Caridean shrimps display a variety of sexual systems including gonochorism and various forms of protandry but rarely simultaneous hermaphroditism. Protandric simultaneous hermaphroditism (PSH) has thus far only been demonstrated in the genus Lysmata. The first report of simultaneous hermaphroditism in a caridean shrimp was with Exhippolysmata ensirostris. However, this was not confirmed, since this species was also considered to be strictly protandric. Therefore, inconclusive results about this species’ true sexual system led us to examine Exhippolysmata oplophoroides. Mating between female phase individuals resulted in successful spawning, embryonic development and hatching of viable larvae. Furthermore, we have confirmed that this species is not capable of self-fertilization. Juveniles reared in the laboratory matured in a similar manner to that of Lysmata. Data were limited due to the loss of all individuals to a Vibrio infection. However, the results obtained in this study conclusively affirm functionally that PSH occurs outside the genus Lysmata, in E. oplophoroides. Theories examining the evolution of PSH within decapods must be re-examined in light of the present data.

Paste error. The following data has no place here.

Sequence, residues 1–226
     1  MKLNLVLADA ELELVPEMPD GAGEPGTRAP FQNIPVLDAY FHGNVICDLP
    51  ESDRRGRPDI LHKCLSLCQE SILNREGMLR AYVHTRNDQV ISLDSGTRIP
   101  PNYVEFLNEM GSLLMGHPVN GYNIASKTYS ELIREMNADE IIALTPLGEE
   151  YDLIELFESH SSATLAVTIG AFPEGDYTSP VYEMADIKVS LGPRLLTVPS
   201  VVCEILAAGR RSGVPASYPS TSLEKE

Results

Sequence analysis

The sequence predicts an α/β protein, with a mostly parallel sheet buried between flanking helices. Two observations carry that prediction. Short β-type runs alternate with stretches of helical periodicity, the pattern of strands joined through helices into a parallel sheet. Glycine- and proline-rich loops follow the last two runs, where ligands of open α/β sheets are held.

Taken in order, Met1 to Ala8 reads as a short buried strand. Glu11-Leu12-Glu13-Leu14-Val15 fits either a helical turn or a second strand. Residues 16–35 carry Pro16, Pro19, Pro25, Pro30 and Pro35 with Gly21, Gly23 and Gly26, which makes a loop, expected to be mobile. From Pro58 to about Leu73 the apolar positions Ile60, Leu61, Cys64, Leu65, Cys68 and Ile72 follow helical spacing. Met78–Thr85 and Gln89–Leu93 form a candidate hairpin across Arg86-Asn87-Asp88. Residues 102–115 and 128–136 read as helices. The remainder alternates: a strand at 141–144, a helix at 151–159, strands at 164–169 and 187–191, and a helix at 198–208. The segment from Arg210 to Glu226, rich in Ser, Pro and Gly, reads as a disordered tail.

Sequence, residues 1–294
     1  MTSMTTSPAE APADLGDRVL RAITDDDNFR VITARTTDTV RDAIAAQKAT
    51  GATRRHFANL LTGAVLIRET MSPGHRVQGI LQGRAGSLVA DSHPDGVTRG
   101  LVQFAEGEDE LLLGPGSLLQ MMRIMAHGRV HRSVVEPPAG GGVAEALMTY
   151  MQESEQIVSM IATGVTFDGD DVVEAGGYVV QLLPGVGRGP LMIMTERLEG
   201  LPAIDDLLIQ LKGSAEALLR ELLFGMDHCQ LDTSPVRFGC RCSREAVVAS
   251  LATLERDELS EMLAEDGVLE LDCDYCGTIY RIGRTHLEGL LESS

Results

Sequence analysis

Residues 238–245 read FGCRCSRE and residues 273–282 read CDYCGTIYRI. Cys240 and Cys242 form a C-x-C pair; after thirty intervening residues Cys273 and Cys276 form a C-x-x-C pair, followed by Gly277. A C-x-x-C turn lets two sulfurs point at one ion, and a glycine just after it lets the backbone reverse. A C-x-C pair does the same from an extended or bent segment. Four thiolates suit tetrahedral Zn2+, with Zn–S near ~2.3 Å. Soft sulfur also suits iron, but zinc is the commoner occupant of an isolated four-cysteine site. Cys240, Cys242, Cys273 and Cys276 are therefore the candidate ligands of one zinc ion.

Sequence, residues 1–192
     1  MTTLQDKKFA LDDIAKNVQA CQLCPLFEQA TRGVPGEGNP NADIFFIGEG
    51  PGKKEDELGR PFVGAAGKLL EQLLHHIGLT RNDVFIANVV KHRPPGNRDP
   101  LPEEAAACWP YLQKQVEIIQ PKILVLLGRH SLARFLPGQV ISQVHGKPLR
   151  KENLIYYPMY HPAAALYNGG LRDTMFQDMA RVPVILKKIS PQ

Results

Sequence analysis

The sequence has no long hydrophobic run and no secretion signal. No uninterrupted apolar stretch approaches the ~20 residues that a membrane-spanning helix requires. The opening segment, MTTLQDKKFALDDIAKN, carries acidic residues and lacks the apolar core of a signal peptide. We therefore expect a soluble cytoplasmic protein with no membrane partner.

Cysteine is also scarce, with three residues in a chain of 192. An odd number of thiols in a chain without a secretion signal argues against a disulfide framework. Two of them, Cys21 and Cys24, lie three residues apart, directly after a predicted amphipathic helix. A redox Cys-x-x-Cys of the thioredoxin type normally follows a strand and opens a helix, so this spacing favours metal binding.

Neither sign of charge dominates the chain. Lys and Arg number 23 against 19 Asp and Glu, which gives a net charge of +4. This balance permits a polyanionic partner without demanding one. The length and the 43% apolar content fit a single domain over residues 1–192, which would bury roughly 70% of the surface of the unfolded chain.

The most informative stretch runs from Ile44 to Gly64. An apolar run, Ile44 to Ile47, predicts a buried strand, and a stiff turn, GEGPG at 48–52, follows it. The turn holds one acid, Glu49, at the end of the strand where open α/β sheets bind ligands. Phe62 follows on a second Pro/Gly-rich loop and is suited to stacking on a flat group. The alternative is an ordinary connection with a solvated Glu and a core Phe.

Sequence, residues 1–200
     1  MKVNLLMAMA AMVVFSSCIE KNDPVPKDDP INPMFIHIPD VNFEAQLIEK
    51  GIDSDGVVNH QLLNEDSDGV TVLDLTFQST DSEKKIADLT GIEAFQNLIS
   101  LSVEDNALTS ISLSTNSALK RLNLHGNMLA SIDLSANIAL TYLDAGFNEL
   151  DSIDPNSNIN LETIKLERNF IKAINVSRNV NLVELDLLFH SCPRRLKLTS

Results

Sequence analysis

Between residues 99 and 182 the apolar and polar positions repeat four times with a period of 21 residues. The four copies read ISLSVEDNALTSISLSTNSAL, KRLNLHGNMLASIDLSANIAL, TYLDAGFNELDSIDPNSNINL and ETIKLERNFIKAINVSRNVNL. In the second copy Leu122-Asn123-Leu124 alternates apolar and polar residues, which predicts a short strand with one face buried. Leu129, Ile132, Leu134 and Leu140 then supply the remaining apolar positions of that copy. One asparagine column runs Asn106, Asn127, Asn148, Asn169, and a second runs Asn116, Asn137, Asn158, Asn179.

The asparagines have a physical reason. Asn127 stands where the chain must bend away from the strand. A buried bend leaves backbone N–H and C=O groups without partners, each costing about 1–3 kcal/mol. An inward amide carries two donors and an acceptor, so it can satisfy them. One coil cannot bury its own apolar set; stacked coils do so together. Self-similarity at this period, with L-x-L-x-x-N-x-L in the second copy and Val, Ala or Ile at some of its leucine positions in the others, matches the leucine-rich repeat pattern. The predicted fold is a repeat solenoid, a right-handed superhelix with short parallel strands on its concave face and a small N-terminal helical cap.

Laubenheimera, H. and A.L. Rhyne. 2008. "Experimental Confirmation of Protandric Simultaneous Hermaphroditism Outside of the Genus Lysmata." Journal of Marine Biological Association of the United Kingdom 88: 301-305.